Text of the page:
Kerala Expat Sponsors Flight Tickets Of 61 Indians In Memory Of Late Son

From distributing food kits during Iftar in labour camps to dispatching volunteers and aid when Kerala was hit by floods in 2018, 53-year-old Krishnakumar has been at the heart of volunteering works.

Kerala   |   2 Aug 2020 10:24 AM GMT / Updated : 2020-08-03T10:04:49+05:30
Writer : Reethu Ravi | Editor : Shubhendu Deshmukh | Creatives : Abhishek M
Kerala Expat Sponsors Flight Tickets Of 61 Indians In Memory Of Late Son

Image Credits: The Indian Express

Amid the COVID-19 pandemic, a Dubai based Kerala expatriate has sponsored flight tickets of 61 stranded Keralites from UAE to Kerala to honour the memory of his late son who died in a car accident last year.

"These are people in a lot of pain. Most of them belong to the blue-collar workforce and have lost their jobs with no financial strength to return home. I wanted them to go home and be with their loved ones," TN Krishnakumar told The Indian Express.

Krishnakumar spent nearly Rs 14 lakh on the tickets and the flights were chartered by All Kerala College Alumni Front (AKCAF), a volunteer group founded in UAE consisting of alumni from 85 science and art colleges in Kerala.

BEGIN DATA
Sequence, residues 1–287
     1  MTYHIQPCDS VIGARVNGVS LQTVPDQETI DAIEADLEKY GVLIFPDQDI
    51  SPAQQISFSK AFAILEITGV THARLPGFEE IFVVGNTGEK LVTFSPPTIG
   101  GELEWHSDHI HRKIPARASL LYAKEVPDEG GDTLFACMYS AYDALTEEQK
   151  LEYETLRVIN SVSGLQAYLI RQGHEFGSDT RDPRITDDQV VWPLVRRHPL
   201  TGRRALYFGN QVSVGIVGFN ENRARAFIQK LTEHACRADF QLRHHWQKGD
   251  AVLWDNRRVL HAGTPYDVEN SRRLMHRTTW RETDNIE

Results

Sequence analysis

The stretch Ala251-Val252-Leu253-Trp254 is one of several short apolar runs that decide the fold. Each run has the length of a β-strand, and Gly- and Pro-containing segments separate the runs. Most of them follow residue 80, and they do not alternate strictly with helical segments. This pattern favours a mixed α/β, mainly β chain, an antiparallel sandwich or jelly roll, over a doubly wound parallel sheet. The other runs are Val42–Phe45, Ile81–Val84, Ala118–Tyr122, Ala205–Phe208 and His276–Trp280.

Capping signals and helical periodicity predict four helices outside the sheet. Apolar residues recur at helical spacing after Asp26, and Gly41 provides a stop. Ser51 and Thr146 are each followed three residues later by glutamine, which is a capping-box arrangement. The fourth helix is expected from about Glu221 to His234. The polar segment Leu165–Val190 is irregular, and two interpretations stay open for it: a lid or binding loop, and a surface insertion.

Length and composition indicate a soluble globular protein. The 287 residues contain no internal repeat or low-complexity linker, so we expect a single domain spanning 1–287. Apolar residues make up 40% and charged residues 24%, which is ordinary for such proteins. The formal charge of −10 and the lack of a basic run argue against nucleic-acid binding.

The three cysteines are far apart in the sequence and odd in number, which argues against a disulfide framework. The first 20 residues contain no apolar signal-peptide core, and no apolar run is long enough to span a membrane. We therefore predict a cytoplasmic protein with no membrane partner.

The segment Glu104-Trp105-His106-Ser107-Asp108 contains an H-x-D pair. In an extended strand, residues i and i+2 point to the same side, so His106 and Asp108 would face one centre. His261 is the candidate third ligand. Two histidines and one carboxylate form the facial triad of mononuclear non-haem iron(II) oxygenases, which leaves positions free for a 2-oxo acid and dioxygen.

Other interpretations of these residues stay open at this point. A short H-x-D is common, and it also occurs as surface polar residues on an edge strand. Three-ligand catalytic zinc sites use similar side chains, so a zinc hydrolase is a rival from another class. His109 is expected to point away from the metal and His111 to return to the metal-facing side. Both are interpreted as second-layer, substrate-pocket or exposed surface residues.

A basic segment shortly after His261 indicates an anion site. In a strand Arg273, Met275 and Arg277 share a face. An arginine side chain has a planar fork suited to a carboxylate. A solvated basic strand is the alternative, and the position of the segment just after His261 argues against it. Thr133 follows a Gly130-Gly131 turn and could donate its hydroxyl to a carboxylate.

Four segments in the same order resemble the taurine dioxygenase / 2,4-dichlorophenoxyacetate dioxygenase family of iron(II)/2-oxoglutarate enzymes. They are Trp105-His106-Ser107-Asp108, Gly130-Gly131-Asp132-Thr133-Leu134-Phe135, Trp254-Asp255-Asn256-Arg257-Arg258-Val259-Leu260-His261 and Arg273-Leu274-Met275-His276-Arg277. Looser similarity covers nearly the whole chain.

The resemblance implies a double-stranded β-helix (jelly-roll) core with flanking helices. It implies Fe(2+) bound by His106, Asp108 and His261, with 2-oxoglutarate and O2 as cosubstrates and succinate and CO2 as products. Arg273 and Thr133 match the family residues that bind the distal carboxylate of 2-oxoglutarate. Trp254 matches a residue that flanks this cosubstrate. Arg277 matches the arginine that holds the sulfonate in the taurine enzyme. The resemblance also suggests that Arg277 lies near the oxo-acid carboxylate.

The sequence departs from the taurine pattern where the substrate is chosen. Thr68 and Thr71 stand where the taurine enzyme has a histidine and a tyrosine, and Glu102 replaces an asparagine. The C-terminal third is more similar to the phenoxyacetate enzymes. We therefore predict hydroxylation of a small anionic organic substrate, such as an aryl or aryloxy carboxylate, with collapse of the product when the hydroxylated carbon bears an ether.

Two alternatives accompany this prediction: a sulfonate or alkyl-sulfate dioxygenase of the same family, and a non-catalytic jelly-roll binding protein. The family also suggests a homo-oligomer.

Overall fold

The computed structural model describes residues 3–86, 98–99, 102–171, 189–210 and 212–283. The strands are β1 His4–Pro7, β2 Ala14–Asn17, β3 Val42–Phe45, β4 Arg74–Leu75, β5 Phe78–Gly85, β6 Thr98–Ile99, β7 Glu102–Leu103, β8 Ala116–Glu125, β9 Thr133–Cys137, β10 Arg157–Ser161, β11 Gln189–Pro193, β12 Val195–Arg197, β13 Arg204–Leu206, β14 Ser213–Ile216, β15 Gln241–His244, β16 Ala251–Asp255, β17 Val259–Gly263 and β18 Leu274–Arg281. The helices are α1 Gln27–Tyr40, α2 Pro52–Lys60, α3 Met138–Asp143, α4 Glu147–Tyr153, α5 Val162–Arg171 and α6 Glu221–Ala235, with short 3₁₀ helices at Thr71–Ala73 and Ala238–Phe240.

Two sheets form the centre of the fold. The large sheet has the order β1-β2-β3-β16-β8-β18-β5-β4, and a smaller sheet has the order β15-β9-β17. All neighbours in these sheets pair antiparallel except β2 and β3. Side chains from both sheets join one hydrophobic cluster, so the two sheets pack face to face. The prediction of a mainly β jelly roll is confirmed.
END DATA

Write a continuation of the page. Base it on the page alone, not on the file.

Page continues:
Krishnakumar has been an active member of AKCAF and has been at the heart of its volunteering efforts from distributing food kits during Iftar in labour camps, dispatching volunteers and aid when Kerala was hit by floods in 2018 to finding quarantine centres for asymptomatic people in the UAE amid the COVID-19 crisis.

When some financially-weak Keralites were trying to return home, the 53-year-old initially arranged tickets for six persons on separate flights. Later, when AKCAF decided to charter a full flight for 191 passengers, he decided to sponsor tickets for 55 of them. A FlyDubai flight carrying the passengers took off from Dubai on July 25 and safely reached Kochi a few hours later.

"It was a collective effort. Everyone contributed in their own way. The people who flew home that day were mostly those who had lost their jobs and who had medical emergencies. Whatever you say, Kerala is home for all of us and they deserve to go home," he said.

Krishnakumar lost his youngest son Rohit (19) on Christmas last year when he was killed in a car accident within half-a-kilometre of their home in Dubai.

"No matter how much money we earn, sometimes money means nothing. I realised it when I lost my son in front of my eyes and I stood helpless," Krishnakumar was quoted by The Times Of India.

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